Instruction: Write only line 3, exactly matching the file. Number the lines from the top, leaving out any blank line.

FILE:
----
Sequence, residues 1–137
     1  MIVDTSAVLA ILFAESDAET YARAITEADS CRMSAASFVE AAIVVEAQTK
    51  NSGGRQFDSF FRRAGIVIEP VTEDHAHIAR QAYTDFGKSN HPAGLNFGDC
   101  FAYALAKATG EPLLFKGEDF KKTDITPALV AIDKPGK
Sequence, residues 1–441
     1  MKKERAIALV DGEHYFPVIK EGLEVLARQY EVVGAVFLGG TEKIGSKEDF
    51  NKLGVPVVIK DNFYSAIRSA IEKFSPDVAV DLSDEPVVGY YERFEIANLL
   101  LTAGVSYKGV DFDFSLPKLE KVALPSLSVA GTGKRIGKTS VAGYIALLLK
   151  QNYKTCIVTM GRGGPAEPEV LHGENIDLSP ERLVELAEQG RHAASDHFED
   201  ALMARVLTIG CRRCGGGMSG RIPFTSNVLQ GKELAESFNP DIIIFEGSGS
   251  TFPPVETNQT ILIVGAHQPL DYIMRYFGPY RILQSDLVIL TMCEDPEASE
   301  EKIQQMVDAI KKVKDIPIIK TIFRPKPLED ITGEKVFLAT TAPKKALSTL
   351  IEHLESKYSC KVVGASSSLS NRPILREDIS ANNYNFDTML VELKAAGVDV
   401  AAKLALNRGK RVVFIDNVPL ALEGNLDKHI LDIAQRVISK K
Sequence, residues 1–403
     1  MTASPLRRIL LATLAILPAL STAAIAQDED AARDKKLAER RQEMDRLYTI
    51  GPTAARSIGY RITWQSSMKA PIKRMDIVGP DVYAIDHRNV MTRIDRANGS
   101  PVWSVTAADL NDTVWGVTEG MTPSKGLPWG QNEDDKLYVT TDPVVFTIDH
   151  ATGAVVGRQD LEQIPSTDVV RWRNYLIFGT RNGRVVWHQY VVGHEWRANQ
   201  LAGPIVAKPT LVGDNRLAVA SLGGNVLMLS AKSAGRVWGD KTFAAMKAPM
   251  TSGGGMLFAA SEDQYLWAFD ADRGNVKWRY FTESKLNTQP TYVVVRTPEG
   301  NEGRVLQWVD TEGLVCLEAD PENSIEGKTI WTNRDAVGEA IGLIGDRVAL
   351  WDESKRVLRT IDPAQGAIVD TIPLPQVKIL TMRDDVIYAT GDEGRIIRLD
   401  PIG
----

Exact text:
    51  NSGGRQFDSF FRRAGIVIEP VTEDHAHIAR QAYTDFGKSN HPAGLNFGDC